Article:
I also used to roll up my skirt at school as it came to an unflattering mid-calf length that was very uncool at the time. I had (and still have) what are considered by some to be fat legs. Luckily nobody ever commented on this, to my face anyway. If they had I would have been mortified, because I already felt the pressure to look a certain way, and knew I didn’t fit into that particular mould.

The comment is many times worse when it comes from a figure of authority like this, because while peers may not be taken as seriously, teachers are supposed to know what’s right and their influence is much greater.

I wonder if the career advisor also gives out gendered career advice?

Conservatorygirl // Posted 9 February 2009 at 1:36 pm

When I was 13 I insisted on having a foot length skirt that absolutely didn’t comply with uniform regs but looked great (I thought) with my DMs.

I was constantly told off for it being too long and had many afternoons off having been told to go home and come back in a shorter skirt.

YET, as a competitive figure skater I continued to put on skirts much shorter than Aisher’s and nobody would have suggested it made me look like a slut.

But anyway, it should have been dealt with in the same manner. I don’t know why Mrs Green didn’t just send her to the office to put on uniform spares (all schools have them) and send a note home to the mother.

Those sorts of comments are made frequently in staff rooms so perhaps the *slip up* (I’m being kind) made by Mrs Green was an effect of unhelpful attitudes lingering behind the closed doors of the staff room.

Naomi // Posted 9 February 2009 at 1:45 pm

The Mail could not normally print a close-up of a 13-year-old’s bare thighs, next to an article going on about he age, without looking a bit dodgy. (Though it may want to, if it suddenly got the chance…)

Unless – bright idea! – they print a story ABOUT a schoolgirl showing her thighs!

Relevant then – innit!?! And oh yes, SUCH an important story …

I think the Mail doesn’t give a toss about the teacher’s behaviour or the girl’s feelings.

Anna // Posted 9 February 2009 at 1:56 pm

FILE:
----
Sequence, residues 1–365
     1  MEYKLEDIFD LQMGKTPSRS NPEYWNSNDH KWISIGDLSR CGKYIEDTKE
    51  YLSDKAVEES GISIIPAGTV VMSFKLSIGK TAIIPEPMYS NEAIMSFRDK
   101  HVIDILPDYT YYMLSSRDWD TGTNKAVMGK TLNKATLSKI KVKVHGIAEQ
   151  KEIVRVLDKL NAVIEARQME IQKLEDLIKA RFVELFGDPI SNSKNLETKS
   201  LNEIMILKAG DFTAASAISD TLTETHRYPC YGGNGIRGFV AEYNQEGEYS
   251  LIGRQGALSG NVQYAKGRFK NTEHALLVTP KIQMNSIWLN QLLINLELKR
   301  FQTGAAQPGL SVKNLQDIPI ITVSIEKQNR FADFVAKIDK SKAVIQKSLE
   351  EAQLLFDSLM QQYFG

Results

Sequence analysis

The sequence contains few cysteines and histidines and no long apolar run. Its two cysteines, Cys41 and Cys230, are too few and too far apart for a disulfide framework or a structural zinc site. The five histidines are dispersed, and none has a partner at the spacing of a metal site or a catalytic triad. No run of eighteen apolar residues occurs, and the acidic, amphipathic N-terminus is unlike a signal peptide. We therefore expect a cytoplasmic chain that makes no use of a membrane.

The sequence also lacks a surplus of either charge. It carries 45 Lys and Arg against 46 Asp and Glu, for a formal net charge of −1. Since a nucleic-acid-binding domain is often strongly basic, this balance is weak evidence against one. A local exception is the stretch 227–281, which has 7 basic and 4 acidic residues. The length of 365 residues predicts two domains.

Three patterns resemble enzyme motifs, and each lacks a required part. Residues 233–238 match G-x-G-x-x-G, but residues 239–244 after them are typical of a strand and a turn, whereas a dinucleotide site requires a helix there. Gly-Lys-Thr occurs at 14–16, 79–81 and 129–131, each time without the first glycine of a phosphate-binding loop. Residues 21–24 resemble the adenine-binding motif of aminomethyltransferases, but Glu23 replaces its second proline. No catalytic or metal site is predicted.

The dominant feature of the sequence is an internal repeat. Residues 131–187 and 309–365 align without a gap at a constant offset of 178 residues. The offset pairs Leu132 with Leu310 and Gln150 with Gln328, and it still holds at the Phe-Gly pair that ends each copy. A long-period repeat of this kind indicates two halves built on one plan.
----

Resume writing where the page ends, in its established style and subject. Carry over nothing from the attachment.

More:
What worries me is the close-up. Yes.. fantastic idea to show a close-up shot of a thirteen-year-old girl’s upper thighs/arse in the name of ‘investigating journalism’.

Ridiculous. And kind of very wrong.

I always had my skirt ridiculously long at school (for which I was told off), others in my year had it shorter than the girl in question’s.. and this was in an all-girl’s school in which homophobia was rife with an almost totally female staff (the few men were invariably 50+). It’s not for provocation, titillation, or anything of the sort. It’s a teenage girl doing what teenage girls do – rebelling a bit (and ironically trying to fit in at the same time).

God, I hate the Mail.

Catherine Redfern // Posted 9 February 2009 at 1:57 pm

When I was at school, the female PE teacher pointed out a girl’s so-called hairy legs in front of the rest of the PE class (all female). She was humiliated and started saying “What? I shaved them this morning!”.

I was appalled that a teacher could reinforce beauty standards in such a way.

maggie // Posted 9 February 2009 at 3:02 pm

This is an appalling news item. The young pupil deserves an unequivocal apology from the teacher and the head.

A short skirt is a short skirt. It’s not an invitation for someone in authority, or otherwise, to vent their hideous preconceived notions.

Aimee // Posted 9 February 2009 at 4:04 pm

I remember an incident from my school days (I went to an all girl’s school!) where one of my teachers (geography I think) told one of my friends that she looked like a prostitute. Admittedly, her skirt was more akin to a belt and she was wearing rather a lot of makeup, but obviously this language is simply not acceptable. My friend complained to the headmistress and the teacher was forced to apologise.